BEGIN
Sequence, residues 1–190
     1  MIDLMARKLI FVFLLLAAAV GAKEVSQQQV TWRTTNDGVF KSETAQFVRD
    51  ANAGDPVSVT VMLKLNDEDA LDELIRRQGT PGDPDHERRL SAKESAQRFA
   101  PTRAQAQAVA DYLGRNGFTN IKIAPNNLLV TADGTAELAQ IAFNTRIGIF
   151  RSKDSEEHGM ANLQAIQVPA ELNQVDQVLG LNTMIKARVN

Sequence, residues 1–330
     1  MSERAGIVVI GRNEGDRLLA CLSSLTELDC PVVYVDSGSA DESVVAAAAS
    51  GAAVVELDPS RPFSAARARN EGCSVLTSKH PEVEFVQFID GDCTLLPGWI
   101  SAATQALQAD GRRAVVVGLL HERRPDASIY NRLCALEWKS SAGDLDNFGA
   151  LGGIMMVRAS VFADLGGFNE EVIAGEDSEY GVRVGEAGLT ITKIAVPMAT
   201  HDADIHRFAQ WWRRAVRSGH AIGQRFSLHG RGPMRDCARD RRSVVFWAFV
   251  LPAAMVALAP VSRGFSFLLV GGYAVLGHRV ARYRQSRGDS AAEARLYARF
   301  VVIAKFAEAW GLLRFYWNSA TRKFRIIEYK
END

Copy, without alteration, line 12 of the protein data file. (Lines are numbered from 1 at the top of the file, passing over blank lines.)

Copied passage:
   251  LPAAMVALAP VSRGFSFLLV GGYAVLGHRV ARYRQSRGDS AAEARLYARF